Introducing Bostonhenge (and where to see it): Andrew Woodruff on “henge” days in Boston—days of the year when the rising and setting sun aligns perfectly with the angle of streets throughout the city. The term, of course, comes from Stonehenge, which is regarded as aligning with the solstices. The city’s irregular street layout means Boston doesn’t have a single “henge” date the way Manhattan does. Instead, Woodruff uses a fun infographic to display different henge dates for different streets and neighborhoods around the city. Next up are Back Bayhenge February 6-7 and Cambridgehenge February 27-28.
Can juries tame prosecutors gone wild?: Leon Neyfakh on how giving juries more influence in our criminal justice system might be a necessary counterbalance to overweening prosecutorial power. The trouble, as he explains it, is that the current system cuts out juries and is stacked against defendants: Prosecutors are able to pile on charges and wield mandatory sentencing guidelines to coerce guilty plea bargains that preempt trials. Neyfakh talks with scholars who argue that strengthening the grand jury system or creating juries to oversee plea bargaining might help create a fairer system.
Why our flu vaccines can’t keep up: Marlene Zuk on why even the best-designed flu vaccine still fails a large percentage of the time. Some viruses, like polio, evolve slowly, and are easy to fight with a vaccine. The flu, however, evolves very rapidly, changing from season to season in ways that are hard to predict—which makes it hard to know how to engineer next year’s flu vaccine. “We know that the flu virus will change in response to selection, but the precise direction it will take is difficult to predict,” Zuk writes. “All scientists can do is study the genetic variation that exists in the viruses from a given year, and try to determine which mutations are statistically more likely to occur the next time.”
Pentametron, robot poet of Twitter: Chris Wright on a computer program that creates couplets “by randomly matching pairs of rhyming tweets that were inadvertently written in iambic pentameter. Examples include, “My eyebrows are annoying me/ I’m not a friendly person anyway,” and “I always give the pizza guy a tip/ I’m ready for a REAL relationship.” Wright explores how disparate tweets, coupled together by a computer program, can take on a surprising resonance when a reader comes along and makes meaning out of them.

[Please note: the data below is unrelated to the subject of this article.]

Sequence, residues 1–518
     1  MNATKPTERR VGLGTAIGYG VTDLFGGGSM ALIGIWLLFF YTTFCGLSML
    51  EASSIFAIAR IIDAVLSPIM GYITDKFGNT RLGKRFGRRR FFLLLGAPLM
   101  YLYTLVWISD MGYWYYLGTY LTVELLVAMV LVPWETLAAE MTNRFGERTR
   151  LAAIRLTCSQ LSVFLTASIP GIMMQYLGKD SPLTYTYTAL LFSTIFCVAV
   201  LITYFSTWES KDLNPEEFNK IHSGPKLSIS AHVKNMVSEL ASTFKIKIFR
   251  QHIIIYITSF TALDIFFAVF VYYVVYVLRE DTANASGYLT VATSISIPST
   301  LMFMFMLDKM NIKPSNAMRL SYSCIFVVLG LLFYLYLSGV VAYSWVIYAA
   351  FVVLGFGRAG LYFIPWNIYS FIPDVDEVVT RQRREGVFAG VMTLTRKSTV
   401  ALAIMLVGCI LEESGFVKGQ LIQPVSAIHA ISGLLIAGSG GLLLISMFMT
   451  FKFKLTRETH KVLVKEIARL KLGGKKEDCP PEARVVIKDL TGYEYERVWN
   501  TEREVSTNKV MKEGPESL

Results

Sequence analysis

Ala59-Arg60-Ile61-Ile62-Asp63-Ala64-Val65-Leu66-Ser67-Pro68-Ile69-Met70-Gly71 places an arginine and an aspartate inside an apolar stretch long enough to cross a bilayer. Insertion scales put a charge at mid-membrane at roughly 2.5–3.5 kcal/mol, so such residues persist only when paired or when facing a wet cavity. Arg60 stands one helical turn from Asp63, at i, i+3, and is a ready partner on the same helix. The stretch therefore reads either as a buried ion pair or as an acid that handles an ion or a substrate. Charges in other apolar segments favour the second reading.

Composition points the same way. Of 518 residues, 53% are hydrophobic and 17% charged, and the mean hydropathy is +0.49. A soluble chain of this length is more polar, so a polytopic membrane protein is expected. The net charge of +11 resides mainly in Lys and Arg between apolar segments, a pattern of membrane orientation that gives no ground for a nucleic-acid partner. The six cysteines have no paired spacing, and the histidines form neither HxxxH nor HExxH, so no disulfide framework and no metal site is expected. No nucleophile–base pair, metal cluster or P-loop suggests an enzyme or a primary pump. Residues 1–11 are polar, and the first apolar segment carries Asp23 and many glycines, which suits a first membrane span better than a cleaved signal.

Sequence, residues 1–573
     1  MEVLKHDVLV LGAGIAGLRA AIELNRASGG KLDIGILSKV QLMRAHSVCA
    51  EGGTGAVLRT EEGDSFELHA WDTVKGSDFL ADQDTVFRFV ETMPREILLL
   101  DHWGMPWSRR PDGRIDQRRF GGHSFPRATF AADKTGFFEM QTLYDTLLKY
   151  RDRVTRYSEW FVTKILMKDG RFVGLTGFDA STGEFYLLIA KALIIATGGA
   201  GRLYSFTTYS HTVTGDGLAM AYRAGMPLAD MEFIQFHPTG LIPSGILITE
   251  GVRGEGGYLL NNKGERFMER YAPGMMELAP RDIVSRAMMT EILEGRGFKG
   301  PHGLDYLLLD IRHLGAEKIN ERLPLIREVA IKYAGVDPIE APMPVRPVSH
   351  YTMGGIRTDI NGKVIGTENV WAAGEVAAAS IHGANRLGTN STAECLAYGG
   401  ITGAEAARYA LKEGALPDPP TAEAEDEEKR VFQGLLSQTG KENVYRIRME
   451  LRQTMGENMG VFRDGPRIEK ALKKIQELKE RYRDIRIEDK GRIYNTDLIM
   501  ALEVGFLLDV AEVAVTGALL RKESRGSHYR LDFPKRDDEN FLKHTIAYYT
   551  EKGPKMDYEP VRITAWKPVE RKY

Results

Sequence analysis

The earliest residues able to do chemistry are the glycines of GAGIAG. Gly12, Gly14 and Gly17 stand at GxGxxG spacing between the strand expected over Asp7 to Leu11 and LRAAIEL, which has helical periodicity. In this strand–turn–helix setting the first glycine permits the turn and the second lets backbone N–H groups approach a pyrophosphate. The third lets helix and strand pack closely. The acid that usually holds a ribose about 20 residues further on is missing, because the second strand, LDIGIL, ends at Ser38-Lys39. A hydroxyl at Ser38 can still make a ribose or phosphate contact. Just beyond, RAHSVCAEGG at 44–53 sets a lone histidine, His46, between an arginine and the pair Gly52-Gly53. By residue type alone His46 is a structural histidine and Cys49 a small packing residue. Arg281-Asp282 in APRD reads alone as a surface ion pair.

Plus: Kevin Lewis on adverse selection among multitaskers, the naked self-interest of wealthy legislators, and the surprising upside of eliminating affirmative action.
Image of sunrise over Boston Harbor courtesy of Justin Mier
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Leon Neyfakh is the staff writer for Ideas. Amanda Katz is the deputy Ideas editor. Stephen Heuser is the Ideas editor.
Guest blogger Simon Waxman is Managing Editor of Boston Review and has written for WBUR, Alternet, McSweeney's, Jacobin, and others.
Guest blogger Elizabeth Manus is a writer living in New York City. She has been a book review editor at the Boston Phoenix, and a columnist for The New York Observer and Metro.
Guest blogger Sarah Laskow is a freelance writer and editor in New York City. She edits Smithsonian's SmartNews blog and has contributed to Salon, Good, The American Prospect, Bloomberg News, and other publications.
Guest blogger Joshua Glenn is a Boston-based writer, publisher, and freelance semiotician. He was the original Brainiac blogger, and is currently editor of the blog HiLobrow, publisher of a series of Radium Age science fiction novels, and co-author/co-editor of several books, including the story collection "Significant Objects" and the kids' field guide to life "Unbored."
Guest blogger Ruth Graham is a freelance journalist in New Hampshire, and a frequent Ideas contributor. She is a former features editor for the New York Sun, and has written for publications including Slate and the Wall Street Journal.
Joshua Rothman is a graduate student and Teaching Fellow in the Harvard English department, and an Instructor in Public Policy at the Harvard Kennedy School of Government. He teaches novels and political writing.